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Not for the first time, Hisense has served up a TV that delivers strong performance in some areas. However, even at this price/size ratio, the A6G is more compromised than is ideal.


  • Very watchable 4K images
  • Fine spec includes great HDR coverage and some HDMI 2.1 functionality
  • Clean, customisable smart TV interface


  • Contrasts are far from strong
  • Impoverished sound
  • Other Hisense screens have better smart TV offerings

Key Features

  • SoundDTS Virtual:X post-processing for optimising sound
  • UpscalingAI picture optimisation for sub-4K sources
  • Freeview PlayFeatures UK catch-up and on-demand apps


For some time now, Hisense has been doing great work to deliver TVs with up-to-the-minute specs at prices the big mainstream brands wouldn’t dare countenance. And its extensive new A6G range (of which we’re looking at the 55in model) is its latest attempt to do just that. 

Of course, even the most mindlessly optimistic among us understands that you don’t get ‘everything’ for ‘nothing’. Until now, Hisense’s best products have basically given you ‘quite a lot of everything’ for ‘next to nothing’. So can the A6G continue this fine work?


  • UKRRP: £429

The Hisense A6G range is on sale now, with the 55in version costing around £429 in the UK. You may prefer the 43in model (£329), the 50in variant (£399) or the 65in whopper (£549) – or you may choose to wait until the promised 75-inch model makes it to the showrooms. No price is confirmed for the biggest boy, but it will doubtless be as aggressive as all the other models in the A6G range.

Obvious competitors where this screen-size/specification/price combination is concerned are few – certainly none of the ‘big five’ manufacturers can lay a glove on this sort of price-to-size ratio. The few brands with any credibility involved in this fight include JVC, TCL and Toshiba – and even then, you’ll struggle to do better on price. 


  • Unglamorous chassis depth
  • Feet akimbo
  • Space for a soundbar, fortunately

No-one really designs a TV, do they? Well, no-one except Bang & Olufsen. Everyone else gets on with the job of making their TVs look as discreet and unassuming as possible, using materials that are entirely dictated by the price point they’re trying to hit. And so it is with the Hisense A6G.

Hisense A6G feet stand

At 74mm deep, this isn’t going to be your first choice for wall-hanging. And given that its simple arc’d feet are so far apart, it’s going to need a fairly wide surface on which to stand. But once you’ve solved the problem of where to put it, the Hisense A6G doesn’t look at all bad: its bezels are slim, its branding is understated, and the plastics from which it’s made don’t feel overtly hard or thin.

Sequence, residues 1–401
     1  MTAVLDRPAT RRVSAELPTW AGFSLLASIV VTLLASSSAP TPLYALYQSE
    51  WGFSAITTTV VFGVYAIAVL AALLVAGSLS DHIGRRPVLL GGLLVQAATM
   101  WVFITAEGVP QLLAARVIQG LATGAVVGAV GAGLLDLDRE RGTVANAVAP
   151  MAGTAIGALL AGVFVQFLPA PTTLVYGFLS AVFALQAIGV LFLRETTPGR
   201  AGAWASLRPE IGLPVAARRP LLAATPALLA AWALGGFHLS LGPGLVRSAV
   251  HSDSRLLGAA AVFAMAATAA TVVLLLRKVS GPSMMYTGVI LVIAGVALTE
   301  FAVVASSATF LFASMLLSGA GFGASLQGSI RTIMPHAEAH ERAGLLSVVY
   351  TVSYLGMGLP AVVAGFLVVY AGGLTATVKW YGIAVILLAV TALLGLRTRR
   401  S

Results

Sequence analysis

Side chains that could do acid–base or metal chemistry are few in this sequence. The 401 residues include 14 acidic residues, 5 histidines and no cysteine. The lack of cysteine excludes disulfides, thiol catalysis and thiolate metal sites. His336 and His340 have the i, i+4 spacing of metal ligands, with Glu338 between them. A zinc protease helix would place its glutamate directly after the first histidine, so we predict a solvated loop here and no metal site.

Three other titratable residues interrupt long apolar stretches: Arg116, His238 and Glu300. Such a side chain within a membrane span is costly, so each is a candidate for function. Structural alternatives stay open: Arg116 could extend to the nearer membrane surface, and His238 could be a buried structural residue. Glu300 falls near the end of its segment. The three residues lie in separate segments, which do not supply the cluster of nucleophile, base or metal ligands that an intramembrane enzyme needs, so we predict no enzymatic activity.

It’s worth noting the gap between the bottom of the screen and the surface on which the TV stands – it’s plenty big enough for a soundbar. Which, as we shall discover, is all good.


  • Good HDR coverage
  • (Some) HDMI 2.1 smarts and eARC too
  • VIDAA U5 smart TV interface

Only a couple of the ‘big 5’ TV brands we mentioned earlier can match this Hisense when it comes to HDR compatibility: the A6G covers HLG, HDR10, HDR10+ and Dolby Vision – which we can all agree is pretty decent at any money.

It’s able to deal with the ALLM and VRR aspects of HDMI 2.1 specification, on all three of its HDMI inputs. One of them is eARC-enabled, too. There are a couple of USB inputs as well, one of which is of the 3.0 standard, and they’re joined by a CI card slot, RF aerial post, Ethernet socket and (for your truly legacy equipment) a composite video input.

Hisense A6G rear connections

These physical inputs are complemented by Wi-Fi connectivity, and it’s possible to get audio out of the screen using its digital optical or analogue 3.5mm outputs – that’s in addition to the integrated two-driver audio system, of course.

Hisense likes to keep you on your toes where smart TV is concerned – some of its models use Android TV, some use Roku TV… the A6G uses the company’s proprietary VIDAA U5 interface. And as far as it goes, VIDAA U5 isn’t bad: it’s clean, logical, easily customised and has an okay selection of catch-up and streaming service apps. But it doesn’t really go far enough, certainly not where the likes of Disney+ and Apple TV are concerned – neither are included here.

Hisense A6G remote control

Navigation of the brief, sensible set-up menus and the smart TV interface is via the bundled remote-control handset or Amazon Alexa voice control. The remote certainly doesn’t feel any less expensive than alternative designs from the big 5 (them again), and its buttons are numerous yet sensibly sized. Voice control, meanwhile, happens via the third-party Remote Now control app.    

Picture quality

  • Some real positives to 4K image quality
  • Decent upscaling – up to a point
  • Contrasts don’t really, well, contrast